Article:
A microeconometric study of theatre demand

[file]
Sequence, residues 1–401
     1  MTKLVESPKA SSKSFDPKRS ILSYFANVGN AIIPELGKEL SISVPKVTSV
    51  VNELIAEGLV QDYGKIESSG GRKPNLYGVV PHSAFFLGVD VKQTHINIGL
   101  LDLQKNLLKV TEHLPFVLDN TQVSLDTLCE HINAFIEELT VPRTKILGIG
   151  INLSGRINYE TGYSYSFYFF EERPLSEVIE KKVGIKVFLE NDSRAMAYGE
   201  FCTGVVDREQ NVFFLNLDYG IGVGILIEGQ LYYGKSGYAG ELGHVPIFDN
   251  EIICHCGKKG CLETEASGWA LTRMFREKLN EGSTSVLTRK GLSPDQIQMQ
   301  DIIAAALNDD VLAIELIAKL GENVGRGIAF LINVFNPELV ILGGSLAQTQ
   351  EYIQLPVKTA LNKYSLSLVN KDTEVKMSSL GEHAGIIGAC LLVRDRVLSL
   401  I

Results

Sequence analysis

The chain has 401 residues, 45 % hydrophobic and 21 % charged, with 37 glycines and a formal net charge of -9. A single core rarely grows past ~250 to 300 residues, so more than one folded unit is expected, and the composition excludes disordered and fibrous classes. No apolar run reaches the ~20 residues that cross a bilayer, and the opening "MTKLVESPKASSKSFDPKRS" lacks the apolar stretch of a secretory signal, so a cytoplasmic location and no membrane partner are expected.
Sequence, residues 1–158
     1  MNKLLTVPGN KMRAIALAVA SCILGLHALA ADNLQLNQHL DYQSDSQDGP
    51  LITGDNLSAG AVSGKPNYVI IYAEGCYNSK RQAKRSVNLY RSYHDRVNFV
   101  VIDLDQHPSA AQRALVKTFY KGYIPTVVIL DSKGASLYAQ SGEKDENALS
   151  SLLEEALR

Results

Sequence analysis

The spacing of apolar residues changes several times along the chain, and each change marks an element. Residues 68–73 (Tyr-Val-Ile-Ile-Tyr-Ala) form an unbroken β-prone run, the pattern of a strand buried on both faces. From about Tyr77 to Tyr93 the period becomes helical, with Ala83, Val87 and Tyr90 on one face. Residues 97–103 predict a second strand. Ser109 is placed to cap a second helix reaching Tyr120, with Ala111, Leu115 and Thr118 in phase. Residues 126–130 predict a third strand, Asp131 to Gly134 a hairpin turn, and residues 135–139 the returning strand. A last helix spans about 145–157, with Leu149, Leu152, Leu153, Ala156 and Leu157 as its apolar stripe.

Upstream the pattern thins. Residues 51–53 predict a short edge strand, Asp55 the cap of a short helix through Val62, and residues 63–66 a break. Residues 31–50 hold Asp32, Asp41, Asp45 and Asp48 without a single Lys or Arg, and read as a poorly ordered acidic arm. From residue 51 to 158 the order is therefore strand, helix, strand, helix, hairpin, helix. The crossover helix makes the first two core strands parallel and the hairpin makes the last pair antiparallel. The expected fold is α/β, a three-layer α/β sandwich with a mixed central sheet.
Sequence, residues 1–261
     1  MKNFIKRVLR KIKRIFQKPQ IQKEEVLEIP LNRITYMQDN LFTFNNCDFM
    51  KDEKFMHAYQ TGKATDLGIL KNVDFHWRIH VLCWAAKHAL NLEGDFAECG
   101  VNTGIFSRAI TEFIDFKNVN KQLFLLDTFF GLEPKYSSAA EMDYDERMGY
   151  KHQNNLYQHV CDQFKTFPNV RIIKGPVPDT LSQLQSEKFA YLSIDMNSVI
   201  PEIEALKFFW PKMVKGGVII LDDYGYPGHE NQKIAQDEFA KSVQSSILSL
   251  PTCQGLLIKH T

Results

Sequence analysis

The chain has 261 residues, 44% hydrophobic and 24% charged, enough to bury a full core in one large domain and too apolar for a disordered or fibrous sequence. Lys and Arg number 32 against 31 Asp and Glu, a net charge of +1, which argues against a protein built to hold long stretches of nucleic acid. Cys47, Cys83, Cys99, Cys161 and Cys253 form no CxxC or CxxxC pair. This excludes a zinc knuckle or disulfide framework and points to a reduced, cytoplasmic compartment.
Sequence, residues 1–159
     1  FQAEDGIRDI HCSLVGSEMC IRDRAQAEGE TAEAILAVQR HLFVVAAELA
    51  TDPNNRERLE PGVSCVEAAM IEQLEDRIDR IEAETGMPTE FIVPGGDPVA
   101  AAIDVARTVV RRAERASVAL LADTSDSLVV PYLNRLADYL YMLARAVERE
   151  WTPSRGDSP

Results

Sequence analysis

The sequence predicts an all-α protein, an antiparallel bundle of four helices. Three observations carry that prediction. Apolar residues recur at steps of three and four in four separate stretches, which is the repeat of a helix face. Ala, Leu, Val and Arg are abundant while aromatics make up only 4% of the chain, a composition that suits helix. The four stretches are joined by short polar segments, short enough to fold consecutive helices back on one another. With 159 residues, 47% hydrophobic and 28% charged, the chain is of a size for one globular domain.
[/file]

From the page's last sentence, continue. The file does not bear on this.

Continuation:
We develop a model of theatre demand with learning by consuming, and test some of its implications on a large random sample of theatregoers and non-theatregoers. This seems to be the most comprehensive econometric study of demand for the theatre from individual data. We hypothesize that each time the consumer watches a play, he experiences a degree of pleasant or unpleasant surprise on the basis of which he will revise his future expectations of his own taste. The learning phase is likely to be unusually long for highly differentiated cultural goods. Our set of data contains unique information about the full price and the fixed cost of theatre, the objective quality of the outing, past experience of and taste for the theatre, and consumption of substitute leisure activities such as reading, television and cinema. Our methodology and data enable us to infer price elasticity on survey data from knowledge of theatregoing experience and taste. After controlling for many variables, we conclude that demand for the theatre is price-elastic, which contradicts previous estimates on aggregate time-series data. Moreover, we estimate demand conditional on past attendance after controlling for selectivity bias. Satisfaction reported by consumers after the last play is also estimated and interpreted as an ordinal conditional choice. Copyright Kluwer Academic Publishers 1996
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